The I-24 runs diagonally from 1-57, 10 miles south of Marion, Illinois, to Chattanooga, Tennessee, at I-75.
Installation of the cameras is expected to be complete and fully operational by summer 2022.
As the first testbed user, the Circles (Congestion Impacts Reduction via CAV-in-the-loop Lagrangian Energy Smoothing) consortium will study the possibility of smoothing traffic by introducing vehicles equipped with advanced driver assist systems.
Circles is led by UC Berkeley and the Institute of Transportation Studies (ITS) Berkeley, in coordination with a range of partners which include Vanderbilt, TDoT, Toyota and General Motors.
Dan Work, associate professor of civil and environmental engineering at Vanderbilt, says: “We want to measure how drivers and automated vehicles interact on the road, separately and together. This research will help make the world’s roadways smarter and safer, with the initial research conducted right here in Tennessee.”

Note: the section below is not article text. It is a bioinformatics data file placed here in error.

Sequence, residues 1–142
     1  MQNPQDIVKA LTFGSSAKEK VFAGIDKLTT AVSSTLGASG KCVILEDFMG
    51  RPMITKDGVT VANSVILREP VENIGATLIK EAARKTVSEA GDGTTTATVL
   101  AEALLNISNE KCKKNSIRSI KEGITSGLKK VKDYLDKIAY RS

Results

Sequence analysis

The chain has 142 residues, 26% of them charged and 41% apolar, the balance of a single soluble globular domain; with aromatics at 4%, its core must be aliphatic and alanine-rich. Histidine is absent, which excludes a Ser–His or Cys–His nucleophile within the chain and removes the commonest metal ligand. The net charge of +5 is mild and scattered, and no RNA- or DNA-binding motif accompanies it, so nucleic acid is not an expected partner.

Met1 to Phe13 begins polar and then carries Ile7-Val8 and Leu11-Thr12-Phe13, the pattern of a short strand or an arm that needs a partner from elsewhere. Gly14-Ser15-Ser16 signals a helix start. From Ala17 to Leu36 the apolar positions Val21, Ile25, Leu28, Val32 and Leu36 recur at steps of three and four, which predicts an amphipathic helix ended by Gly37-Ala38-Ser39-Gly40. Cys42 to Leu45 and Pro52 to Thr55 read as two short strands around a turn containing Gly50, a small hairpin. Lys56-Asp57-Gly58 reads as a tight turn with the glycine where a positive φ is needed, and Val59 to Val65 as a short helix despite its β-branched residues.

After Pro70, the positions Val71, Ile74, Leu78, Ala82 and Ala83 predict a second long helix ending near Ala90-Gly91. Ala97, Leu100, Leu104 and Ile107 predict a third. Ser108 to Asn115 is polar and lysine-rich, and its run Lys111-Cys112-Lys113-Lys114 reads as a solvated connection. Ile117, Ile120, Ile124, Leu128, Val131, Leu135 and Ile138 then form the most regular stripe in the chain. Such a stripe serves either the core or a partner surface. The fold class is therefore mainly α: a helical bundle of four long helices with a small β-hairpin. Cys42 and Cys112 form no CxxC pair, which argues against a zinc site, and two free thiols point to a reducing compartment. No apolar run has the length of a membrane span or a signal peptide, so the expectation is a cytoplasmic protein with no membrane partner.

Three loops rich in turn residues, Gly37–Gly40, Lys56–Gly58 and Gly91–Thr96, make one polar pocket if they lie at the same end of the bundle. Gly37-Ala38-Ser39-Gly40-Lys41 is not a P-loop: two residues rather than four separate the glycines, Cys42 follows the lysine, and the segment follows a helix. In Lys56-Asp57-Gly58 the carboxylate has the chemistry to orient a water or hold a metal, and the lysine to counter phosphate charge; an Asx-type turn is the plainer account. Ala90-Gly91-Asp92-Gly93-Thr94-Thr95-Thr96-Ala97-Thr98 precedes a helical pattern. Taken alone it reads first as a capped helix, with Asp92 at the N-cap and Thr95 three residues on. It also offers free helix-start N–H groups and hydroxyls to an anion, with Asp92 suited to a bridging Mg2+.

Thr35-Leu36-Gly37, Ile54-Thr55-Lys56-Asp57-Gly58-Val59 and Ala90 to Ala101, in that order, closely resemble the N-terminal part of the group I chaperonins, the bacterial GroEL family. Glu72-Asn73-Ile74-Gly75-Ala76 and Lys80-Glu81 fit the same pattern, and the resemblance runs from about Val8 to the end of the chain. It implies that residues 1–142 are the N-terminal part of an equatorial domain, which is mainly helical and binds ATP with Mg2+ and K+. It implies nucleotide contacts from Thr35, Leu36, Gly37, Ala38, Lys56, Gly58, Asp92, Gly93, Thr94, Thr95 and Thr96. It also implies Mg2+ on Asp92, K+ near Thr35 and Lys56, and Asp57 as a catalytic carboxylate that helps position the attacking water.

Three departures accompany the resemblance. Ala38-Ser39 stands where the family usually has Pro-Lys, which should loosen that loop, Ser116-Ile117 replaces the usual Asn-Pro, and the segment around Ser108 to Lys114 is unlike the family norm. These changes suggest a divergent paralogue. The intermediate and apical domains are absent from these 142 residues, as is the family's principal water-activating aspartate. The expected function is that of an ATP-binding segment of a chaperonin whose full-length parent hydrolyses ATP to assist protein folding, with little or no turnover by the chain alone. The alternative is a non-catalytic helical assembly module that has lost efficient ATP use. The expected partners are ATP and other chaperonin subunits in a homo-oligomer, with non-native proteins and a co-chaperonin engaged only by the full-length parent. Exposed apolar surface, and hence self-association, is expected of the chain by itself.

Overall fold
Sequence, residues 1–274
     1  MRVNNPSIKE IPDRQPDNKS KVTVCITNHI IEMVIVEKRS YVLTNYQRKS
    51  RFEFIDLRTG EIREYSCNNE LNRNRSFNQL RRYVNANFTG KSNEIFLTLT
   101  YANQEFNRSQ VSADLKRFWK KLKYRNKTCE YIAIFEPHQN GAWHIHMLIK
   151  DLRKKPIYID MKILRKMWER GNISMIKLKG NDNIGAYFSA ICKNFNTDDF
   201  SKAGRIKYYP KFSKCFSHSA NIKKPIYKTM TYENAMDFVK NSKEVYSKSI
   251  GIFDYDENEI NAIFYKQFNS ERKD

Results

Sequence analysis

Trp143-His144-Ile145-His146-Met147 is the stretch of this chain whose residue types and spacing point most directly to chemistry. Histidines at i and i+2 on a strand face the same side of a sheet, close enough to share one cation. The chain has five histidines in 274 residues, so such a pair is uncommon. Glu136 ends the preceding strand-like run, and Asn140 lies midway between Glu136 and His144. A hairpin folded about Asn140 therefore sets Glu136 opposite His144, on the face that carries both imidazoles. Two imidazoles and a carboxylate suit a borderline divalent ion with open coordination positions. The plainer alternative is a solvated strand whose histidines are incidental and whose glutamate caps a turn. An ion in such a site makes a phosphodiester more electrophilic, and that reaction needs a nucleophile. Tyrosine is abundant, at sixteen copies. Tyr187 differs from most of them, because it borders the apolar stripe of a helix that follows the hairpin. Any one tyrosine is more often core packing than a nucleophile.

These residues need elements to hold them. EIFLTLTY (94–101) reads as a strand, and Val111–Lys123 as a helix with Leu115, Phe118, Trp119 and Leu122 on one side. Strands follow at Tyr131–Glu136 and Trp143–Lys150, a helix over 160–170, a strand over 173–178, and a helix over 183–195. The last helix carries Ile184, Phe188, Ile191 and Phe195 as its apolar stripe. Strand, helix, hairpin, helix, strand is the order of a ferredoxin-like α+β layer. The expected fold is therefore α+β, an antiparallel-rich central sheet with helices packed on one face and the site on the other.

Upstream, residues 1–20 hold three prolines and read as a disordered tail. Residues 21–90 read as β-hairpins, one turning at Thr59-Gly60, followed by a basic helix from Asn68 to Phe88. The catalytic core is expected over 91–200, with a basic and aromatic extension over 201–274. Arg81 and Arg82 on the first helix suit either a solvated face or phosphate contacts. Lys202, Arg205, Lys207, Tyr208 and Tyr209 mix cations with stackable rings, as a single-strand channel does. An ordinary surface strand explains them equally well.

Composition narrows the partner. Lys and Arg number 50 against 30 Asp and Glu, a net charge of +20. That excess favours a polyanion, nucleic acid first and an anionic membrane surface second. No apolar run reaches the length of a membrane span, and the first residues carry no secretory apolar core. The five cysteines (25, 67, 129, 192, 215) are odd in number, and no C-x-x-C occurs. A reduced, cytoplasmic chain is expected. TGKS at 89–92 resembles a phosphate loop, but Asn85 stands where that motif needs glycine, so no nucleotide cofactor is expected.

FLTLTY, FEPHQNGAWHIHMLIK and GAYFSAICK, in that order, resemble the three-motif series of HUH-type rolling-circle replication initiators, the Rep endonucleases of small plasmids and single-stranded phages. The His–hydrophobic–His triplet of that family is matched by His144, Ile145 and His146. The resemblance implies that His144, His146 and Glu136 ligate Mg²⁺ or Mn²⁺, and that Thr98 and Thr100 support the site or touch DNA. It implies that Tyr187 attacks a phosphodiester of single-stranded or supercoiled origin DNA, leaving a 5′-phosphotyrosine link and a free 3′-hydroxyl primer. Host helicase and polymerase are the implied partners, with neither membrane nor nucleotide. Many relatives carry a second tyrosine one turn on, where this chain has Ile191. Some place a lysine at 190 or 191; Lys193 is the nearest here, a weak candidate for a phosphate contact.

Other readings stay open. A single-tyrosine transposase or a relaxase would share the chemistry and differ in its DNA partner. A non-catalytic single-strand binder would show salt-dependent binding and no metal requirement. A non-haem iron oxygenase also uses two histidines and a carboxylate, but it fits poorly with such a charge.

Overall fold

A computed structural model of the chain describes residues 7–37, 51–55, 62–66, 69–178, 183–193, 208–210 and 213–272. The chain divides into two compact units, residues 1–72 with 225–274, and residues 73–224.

The I-24 Motion project - which includes input from consulting firm Gresham Smith – will see video feeds transmitted over a fibre-optic network and processed through custom artificial intelligence (AI) trajectory algorithms developed by Work and his team.
Vanderbilt says the algorithms will process vehicle positions at over 30 measurements per second and use 3D image processing to give the most accurate measure of a vehicle’s position.
Brad Freeze, director of TDoT’s traffic operations division, says: “This groundbreaking understanding of traffic is more important than ever due to the increasing automation capability of individual vehicles, which are beginning to influence traffic flow through their interactions with conventional vehicles."
"By unlocking a new understanding of how these vehicles influence traffic, vehicle and infrastructure design can be optimised to reduce traffic concerns in the future to improve safety, air quality and fuel efficiency.”